National Drug Strategy
National Drug Strategy

Comorbidity of mental disorders and substance use: a brief guide for the primary care clinician

3.1 Cannabis/ hallucinogens

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Table of contents

Cannabis (marijuana, hash, grass, dope)
Lysergic acid diethylamide (LSD, acid)
Psilocybin (magic mushrooms)
Datura (angel's trumpet)
Anticholinergic drugs, (benztropine, benzhexol, orphenadrine)


Cannabis is by far the most commonly used hallucinogen. Cannabis is derived from the hemp plant and contains the active substrate tetrahydrocannabinol (THC). THC exerts its effects via the central nervous system producing a mixture of hallucinogenic, delusional and depressant effects along with other centrally-mediated peripheral autonomic effects.

The drug is often used in group settings as it enhances sociability and at low doses causes a high that includes feelings of relaxation and happiness. In larger doses (larger amounts, parts of the plant with higher concentration, more potent cultivars), cannabis may produce effects similar to LSD.

LSD is a hallucinogenic or psychedelic drug. LSD and regular cannabis use can trigger underlying mental disorders and produce delusions, paranoia and schizophrenia-like states, particularly in people with a family history. These substances can also produce extreme anxiety states or panic attacks, not only while the person is under the influence of the drug, but for some time after.

Psilocybin causes similar effects to LSD; however, these effects are not usually as intense or long lasting. Anticholinergic drugs, e.g. benztropine, benzhexol or orphenadrine may be prescribed to alleviate extrapyramidal symptoms in patients with psychosis. However, these drugs may themselves lead to hallucinations and are therefore sometimes sold for recreational use. Several psychotropic drugs have less marked anticholinergic effects, e.g. tricyclic antidepressants or thioridazine, and may interact with prescribed or illicit drugs to produce an anticholinergic psychosis.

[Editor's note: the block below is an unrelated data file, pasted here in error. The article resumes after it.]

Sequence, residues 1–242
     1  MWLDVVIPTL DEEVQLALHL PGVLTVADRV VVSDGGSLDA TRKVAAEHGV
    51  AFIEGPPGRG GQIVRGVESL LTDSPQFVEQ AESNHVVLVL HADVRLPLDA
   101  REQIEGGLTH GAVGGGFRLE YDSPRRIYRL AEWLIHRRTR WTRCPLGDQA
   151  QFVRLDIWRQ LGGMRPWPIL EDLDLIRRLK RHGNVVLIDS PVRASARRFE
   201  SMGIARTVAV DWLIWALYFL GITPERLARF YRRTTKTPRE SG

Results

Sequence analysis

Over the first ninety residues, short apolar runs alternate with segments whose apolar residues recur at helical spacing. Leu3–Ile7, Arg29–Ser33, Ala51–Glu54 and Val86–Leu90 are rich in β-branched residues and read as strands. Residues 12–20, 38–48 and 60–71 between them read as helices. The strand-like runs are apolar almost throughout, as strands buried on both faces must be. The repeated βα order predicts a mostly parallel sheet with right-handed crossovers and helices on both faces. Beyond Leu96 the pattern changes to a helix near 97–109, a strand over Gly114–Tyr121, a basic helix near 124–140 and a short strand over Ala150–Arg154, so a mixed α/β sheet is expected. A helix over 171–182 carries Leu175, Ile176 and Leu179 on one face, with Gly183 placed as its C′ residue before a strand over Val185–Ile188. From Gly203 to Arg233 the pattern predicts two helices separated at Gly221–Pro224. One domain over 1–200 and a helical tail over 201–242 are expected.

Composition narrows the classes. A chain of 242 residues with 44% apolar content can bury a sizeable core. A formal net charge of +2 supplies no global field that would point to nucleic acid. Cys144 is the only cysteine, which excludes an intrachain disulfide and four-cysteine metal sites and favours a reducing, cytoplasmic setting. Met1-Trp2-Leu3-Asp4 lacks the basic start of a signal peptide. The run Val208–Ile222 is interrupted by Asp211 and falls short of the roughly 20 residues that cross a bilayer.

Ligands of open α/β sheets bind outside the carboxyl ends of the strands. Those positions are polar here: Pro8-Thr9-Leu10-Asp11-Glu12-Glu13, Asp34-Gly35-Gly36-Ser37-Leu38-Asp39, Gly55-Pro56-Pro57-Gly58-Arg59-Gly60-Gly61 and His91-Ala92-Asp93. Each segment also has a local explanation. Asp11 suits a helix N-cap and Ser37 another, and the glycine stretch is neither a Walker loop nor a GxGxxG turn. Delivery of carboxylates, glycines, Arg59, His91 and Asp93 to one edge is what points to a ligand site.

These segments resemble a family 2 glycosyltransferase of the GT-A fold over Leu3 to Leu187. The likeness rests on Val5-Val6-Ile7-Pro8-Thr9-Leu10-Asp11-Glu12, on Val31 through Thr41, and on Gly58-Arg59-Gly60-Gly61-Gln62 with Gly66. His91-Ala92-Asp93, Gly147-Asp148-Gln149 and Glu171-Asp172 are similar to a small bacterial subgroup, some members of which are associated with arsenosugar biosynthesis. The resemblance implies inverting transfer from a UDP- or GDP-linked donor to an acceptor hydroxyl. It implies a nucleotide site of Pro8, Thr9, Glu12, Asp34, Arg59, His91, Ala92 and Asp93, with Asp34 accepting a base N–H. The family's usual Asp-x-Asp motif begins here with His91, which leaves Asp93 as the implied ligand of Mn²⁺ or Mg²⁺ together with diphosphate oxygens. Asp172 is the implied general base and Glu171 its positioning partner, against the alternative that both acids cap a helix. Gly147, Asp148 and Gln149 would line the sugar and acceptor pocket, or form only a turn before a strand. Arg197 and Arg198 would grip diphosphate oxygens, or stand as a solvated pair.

Effects sought from the substance:
Cannabis: Relaxation, increased appetite (and antiemetic effects), feelings of happiness, analgesia, sleepiness as well as feelings of sharpened sensory awareness. Hallucinogens: (e.g. LSD and psylocybin): Perceptual changes such as hallucinations.

Associated harms:
Cannabis: Hallucinations, anxiety, panic attacks, paranoia, nausea, impaired judgment and motor coordination, dependence, reduced motivation, persistent cognitive impairment while using the drug, acute and chronic lung problems.
Hallucinogens (e.g. LSD and psylocybin): Dissociation, disordered thought, flashbacks and frightening hallucinations and delusions which can lead to violence.

Overdose:
Cannabis: Risk is small.
Hallucinogens (e.g. LSD and psylocybin): LSD is not so much associated with overdose; however, a 'bad trip' may result in hallucinatory experiences which take on a menacing quality accompanied by paranoid delusions, often resulting in accidental or intentional self harm.

Withdrawal:
Cannabis: Unlikely although symptoms may include anorexia, disturbed sleep, irritability and moodiness.
Hallucinogens (e.g. LSD and psylocybin): There is little evidence of dependence, and therefore withdrawal, as drugs tend to be aversive rather than reinforcing.

Psychological presentations commonly associated with use (likely to resolve on cessation of substance use):
Cannabis: Depression(4-6), anxiety(6-13), precipitation of psychotic symptoms(2, 14, 15).
LSD: Precipitation of schizophrenia.

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